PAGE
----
On the morning of December 8, 1980, Annie Leibovitz came over to the Ono and Lennon's apartment to do a photo shoot for the Rolling Stone magazine. She had promised Lennon it would make the cover[143] but she initially tried to get a picture with just Lennon alone. Leibovitz would recall that, "nobody wanted [Ono] on the cover".[144] When Lennon insisted that both be on the cover Leibovitz then tried to recreate the kissing scene from the Double Fantasy album cover, a picture that she loved. Around 5 p.m., Lennon and Ono left the Dakota to supervise the transfer of some of the Double Fantasy album numbers to singles. David Geffen said that more than 700,000 album copies had already been sold up to that time. As they were leaving the Dakota, they were approached by several people seeking autographs. Among them was a young man later to be identified as Mark David Chapman, and Lennon signed his autograph on the Double Fantasy album cover for him. A picture was taken by another fan while Lennon was signing Chapman's album, capturing soon-to-be killer and victim on film only a few hours before Lennon's murder. The Lennons spent several hours at the studio on West 44th Street before returning to the Dakota at about 10:50 p.m. Lennon was concerned about seeing five-year-old Sean before he went to sleep, so they returned to the Dakota instead of going out to eat.[146] They exited their limousine on 72nd Street, even though the car could have been driven into the courtyard. Jose Perdomo (who was the doorman at the entrance), an elevator operator, and a cab driver all saw Chapman standing in the shadows by the archway. The Lennons walked past, and Ono opened the inner door — leaving Lennon alone inside the entrance. Chapman called out, "Mr. Lennon!" As Lennon paused to turn around, Chapman dropped into a "combat stance"[147] and shot at Lennon five times with hollow point bullets from a .38 revolver. One shot missed, passing over Lennon's head and hitting a window of the Dakota building. Two shots struck Lennon in the left side of his back and two more in his left shoulder. All four wounds caused serious internal damage, and at least one of them fatally pierced Lennon's aorta.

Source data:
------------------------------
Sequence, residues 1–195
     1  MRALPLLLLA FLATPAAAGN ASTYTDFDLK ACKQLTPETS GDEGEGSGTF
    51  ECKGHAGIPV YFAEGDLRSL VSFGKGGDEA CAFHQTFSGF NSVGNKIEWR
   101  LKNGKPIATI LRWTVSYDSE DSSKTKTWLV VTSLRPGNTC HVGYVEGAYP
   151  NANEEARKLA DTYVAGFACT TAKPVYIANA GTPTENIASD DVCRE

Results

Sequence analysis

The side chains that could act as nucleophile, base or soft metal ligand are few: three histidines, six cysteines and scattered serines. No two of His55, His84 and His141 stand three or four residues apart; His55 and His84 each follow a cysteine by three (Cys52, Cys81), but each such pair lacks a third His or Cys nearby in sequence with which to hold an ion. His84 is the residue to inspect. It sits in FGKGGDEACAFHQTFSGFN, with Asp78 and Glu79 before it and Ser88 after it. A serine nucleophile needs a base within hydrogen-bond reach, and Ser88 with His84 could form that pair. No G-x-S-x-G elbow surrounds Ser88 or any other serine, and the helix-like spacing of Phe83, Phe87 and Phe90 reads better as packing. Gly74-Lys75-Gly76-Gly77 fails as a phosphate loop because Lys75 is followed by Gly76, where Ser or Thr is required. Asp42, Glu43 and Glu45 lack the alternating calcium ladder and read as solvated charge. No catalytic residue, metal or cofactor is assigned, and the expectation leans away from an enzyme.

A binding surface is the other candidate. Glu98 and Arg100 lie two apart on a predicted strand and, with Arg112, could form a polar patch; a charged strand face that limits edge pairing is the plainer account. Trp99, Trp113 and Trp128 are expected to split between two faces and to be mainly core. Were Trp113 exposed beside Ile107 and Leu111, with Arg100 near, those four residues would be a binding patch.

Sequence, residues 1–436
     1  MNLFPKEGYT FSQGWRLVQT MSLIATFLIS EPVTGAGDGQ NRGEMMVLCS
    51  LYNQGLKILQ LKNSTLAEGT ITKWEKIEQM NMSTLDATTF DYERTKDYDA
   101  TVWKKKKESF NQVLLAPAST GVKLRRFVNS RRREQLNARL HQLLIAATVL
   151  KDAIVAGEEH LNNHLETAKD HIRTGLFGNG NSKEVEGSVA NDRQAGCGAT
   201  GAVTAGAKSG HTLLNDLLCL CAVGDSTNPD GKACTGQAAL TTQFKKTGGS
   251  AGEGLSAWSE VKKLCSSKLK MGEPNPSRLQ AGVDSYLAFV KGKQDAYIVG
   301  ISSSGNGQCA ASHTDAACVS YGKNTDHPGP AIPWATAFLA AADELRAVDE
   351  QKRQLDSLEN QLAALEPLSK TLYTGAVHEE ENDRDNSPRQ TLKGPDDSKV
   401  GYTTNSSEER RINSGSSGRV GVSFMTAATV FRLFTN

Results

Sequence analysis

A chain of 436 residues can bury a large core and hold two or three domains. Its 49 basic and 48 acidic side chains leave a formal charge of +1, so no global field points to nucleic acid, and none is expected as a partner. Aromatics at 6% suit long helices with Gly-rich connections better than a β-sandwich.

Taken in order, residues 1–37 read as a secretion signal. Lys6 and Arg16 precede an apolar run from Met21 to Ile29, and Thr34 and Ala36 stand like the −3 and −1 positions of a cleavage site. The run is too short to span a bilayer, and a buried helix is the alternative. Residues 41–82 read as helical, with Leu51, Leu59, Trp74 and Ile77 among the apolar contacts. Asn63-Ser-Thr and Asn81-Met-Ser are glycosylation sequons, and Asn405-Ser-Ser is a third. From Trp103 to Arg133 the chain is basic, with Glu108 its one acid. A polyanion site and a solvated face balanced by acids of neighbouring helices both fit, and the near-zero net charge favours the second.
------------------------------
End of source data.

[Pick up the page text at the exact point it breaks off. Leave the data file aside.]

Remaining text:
Lennon staggered up six steps to the room at the end of the entrance used by the concierge, said, "I'm shot," and collapsed. Doorman Jay Hastings ran out from his inside office to assist Lennon and immediately dialled 911, as Chapman calmly sat down on the sidewalk and waited. The doorman walked to Chapman and reportedly shouted, "Do you know what you've done?" before kicking the revolver across the sidewalk. Chapman calmly replied, "I just shot John Lennon." The first policemen to arrive were Steve Spiro and Peter Cullen, who were at 72nd Street and Broadway when they heard a report of shots fired at the Dakota. The officers found Chapman sitting "very calmly" on the sidewalk. They reported that Chapman had dropped the revolver to the ground, and was holding a paperback book (J.D. Salinger's The Catcher in the Rye), and a cassette recorder, along with more than ten audio cassettes, with 14 hours of Beatles' songs on them.

The second team — Officers Bill Gamble and James Moran, who arrived a few minutes later — upon arrival immediately carried Lennon into their squad car and rushed him to Roosevelt Hospital. Officer Moran said they stretched out Lennon (who was "moaning") on the back seat. Moran asked, "Do you know who you are?" Lennon nodded slightly and tried to speak, but could only manage to make a gurgling sound. According to Yoko Ono, he uttered no final words.[148] Lennon lost consciousness shortly thereafter.

Lennon was pronounced D.O.A. in the Emergency Room at the Roosevelt Hospital at 11:15 p.m. by Dr. Stephen Lynn. The cause of death was reported as hypovolemic shock, after losing more than 80% of blood volume. Dr. Elliott M. Gross (the Chief Medical Examiner) said that no one could have lived more than a few minutes with such multiple bullet injuries. Ono, crying "Oh no, no, no, no...tell me it's not true," was taken to Roosevelt Hospital and led away in shock after she learned that her husband was dead. Lennon was cremated at Ferncliff Cemetery in Hartsdale, New York, and his ashes were kept by Ono. Chapman pleaded guilty to second degree murder and was sentenced to 20 years to life.

Lennon had a macabre sense of humour about dying, once saying, "We'll either go in a plane crash or we'll be popped off by some loony."Although Lennon joked about it, several 1960s Beatles concerts in the United States and Canada did have heightened security because of death threats.


No comments: